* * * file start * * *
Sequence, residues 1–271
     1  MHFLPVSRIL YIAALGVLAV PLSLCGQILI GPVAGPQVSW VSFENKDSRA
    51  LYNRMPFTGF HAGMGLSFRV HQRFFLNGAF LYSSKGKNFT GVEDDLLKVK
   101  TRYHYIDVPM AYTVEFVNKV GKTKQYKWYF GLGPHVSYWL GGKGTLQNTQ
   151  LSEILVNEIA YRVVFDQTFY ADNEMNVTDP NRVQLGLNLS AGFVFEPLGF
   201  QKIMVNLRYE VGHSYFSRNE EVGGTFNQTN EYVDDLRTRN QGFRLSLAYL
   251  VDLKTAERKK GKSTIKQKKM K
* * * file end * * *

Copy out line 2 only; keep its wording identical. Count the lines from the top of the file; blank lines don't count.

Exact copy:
     1  MHFLPVSRIL YIAALGVLAV PLSLCGQILI GPVAGPQVSW VSFENKDSRA